Using the word "composition"

Albertovna

Senior Member
Russian - Russia
Dear all,

I thought the word "composition" (chemical, mineral, whatever makeup) could be used only in the word combination "be of such-and-such composition." Now I see sentences like this on the Internet:

(1) Which planet has a composition similar to the Sun?
(2) The nucleic substances also show a composition of this sort.
(3) The term basalt is at times applied to shallow intrusive rocks with a composition typical of basalt.

Are they correct? (Now I suspect that they are all correct).
 
  • ewie

    Senior Member
    English English
    Yes, they're all correct:thumbsup: There's nothing particularly unusual about the word composition, that I know of:)
     

    Albertovna

    Senior Member
    Russian - Russia
    Dear all,

    Please consider this sentence, which I took from wiki.answers.com:

    Which planet has a composition similar to the Sun?

    Can we say so? To my mind, the segment in bold contains a logical mistake, and it should be "a composition similar to that of the Sun." This is because we compare two compositions, not a composition and the Sun. Am I right?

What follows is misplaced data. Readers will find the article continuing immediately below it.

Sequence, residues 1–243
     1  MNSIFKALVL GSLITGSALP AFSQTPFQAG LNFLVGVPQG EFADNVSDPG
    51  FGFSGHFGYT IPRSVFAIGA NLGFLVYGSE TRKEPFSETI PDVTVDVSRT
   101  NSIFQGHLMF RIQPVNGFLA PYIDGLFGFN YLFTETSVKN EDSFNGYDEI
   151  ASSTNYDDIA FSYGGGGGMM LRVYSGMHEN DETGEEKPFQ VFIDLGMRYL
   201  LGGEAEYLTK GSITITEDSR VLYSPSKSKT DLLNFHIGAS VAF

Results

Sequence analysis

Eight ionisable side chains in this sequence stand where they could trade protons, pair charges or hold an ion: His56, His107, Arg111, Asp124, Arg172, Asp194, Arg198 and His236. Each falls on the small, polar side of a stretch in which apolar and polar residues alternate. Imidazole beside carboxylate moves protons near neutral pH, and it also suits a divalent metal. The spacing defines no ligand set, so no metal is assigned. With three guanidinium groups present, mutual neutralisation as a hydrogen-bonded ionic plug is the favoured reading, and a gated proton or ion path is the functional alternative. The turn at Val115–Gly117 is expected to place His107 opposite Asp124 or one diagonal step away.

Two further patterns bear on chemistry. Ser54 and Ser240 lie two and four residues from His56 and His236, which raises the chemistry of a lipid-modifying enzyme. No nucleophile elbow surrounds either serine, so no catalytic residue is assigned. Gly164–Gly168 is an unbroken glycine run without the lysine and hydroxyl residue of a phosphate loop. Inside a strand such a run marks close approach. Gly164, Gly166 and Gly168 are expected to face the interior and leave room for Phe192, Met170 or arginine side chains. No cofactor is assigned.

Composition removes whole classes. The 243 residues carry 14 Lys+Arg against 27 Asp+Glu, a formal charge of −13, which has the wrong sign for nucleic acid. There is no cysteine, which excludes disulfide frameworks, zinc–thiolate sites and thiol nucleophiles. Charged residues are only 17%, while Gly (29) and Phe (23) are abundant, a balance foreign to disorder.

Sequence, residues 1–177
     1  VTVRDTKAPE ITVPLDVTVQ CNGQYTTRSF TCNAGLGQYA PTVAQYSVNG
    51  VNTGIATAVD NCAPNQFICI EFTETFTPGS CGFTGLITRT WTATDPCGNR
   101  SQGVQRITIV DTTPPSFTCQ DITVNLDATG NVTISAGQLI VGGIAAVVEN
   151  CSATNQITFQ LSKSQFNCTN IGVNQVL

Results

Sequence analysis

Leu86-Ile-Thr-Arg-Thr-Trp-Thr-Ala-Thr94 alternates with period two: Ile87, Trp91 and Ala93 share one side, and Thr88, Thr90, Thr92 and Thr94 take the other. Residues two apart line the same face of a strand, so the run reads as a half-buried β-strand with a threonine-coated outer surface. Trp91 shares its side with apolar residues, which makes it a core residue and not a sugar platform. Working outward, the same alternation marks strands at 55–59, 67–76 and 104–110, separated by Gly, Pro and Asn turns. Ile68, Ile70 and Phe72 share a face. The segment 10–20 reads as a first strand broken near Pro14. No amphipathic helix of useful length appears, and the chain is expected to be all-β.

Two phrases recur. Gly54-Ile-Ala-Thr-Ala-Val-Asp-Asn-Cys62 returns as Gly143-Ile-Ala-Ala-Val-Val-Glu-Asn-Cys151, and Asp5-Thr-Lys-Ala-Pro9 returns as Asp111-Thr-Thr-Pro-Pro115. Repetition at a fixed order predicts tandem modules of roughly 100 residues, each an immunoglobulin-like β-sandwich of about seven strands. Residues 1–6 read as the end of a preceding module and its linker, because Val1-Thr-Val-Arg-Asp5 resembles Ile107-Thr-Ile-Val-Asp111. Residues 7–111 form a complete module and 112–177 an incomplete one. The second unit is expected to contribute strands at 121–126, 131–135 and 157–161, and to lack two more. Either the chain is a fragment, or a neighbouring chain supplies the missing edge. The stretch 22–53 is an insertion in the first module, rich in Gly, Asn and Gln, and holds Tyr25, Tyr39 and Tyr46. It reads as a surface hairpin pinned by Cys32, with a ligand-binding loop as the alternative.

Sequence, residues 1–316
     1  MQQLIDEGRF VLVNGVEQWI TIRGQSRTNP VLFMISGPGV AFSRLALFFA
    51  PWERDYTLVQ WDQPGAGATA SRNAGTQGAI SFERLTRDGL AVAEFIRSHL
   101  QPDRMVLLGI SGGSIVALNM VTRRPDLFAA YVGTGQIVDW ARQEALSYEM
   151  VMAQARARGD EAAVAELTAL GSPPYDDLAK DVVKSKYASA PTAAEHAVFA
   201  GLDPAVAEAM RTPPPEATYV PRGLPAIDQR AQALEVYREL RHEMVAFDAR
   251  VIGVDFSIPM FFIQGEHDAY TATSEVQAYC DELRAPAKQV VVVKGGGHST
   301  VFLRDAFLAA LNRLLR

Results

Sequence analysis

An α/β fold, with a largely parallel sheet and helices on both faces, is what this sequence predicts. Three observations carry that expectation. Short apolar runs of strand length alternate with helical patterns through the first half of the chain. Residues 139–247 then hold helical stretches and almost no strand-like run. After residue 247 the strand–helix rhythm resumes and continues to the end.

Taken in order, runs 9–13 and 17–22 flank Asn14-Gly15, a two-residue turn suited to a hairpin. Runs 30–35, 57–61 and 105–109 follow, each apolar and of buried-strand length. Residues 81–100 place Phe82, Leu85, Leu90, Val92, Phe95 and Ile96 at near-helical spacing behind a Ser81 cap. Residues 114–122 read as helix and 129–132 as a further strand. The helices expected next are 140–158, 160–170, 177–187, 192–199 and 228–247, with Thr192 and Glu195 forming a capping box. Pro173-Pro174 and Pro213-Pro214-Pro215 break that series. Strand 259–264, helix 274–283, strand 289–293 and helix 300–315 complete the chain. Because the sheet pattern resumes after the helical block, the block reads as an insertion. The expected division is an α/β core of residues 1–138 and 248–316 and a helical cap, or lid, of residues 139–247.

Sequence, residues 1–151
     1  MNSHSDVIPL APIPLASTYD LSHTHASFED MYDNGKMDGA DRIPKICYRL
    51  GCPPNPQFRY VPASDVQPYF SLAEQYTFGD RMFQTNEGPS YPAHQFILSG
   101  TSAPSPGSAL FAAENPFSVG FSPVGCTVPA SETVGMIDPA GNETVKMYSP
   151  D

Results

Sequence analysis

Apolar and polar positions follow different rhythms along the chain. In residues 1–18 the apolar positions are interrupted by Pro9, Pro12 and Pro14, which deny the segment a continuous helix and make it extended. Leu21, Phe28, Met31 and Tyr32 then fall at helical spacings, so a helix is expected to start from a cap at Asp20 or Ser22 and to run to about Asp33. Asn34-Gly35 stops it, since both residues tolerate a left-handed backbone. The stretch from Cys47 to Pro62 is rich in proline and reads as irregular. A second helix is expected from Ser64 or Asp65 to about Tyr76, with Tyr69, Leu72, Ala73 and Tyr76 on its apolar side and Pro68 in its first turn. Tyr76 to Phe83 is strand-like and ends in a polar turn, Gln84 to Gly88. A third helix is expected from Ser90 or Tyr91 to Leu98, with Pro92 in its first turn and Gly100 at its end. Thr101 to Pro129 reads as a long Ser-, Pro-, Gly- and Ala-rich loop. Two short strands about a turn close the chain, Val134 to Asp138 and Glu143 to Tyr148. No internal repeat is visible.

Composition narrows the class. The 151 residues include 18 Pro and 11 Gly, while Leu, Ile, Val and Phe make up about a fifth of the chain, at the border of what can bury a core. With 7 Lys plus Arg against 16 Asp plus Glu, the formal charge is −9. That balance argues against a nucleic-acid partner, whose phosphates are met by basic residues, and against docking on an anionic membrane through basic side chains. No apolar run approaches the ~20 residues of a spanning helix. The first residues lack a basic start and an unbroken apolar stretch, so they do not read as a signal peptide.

ewie

    Senior Member
    English English
    Did you not see my previous answer, Albertovna?:confused::confused:

    composition similar to the Sun is one of those things that people argue over. Some will insist that it should be either:
    similar to that of the Sun (as you say)
    or
    similar to the Sun's.

    However, a lot of other people won't insist that:)
     

    Albertovna

    Senior Member
    Russian - Russia
    I did, but now I am asking a different question.
    As far as I understand you,
    similar to the Sun :tick:
    similar to that of the Sun :tick:
    similar to the Sun's :tick:
     

    ewie

    Senior Member
    English English
    Well, a lot of people would say the first one is wrong. I'd advise you to use the second or third version, to be on the safe side:)
     
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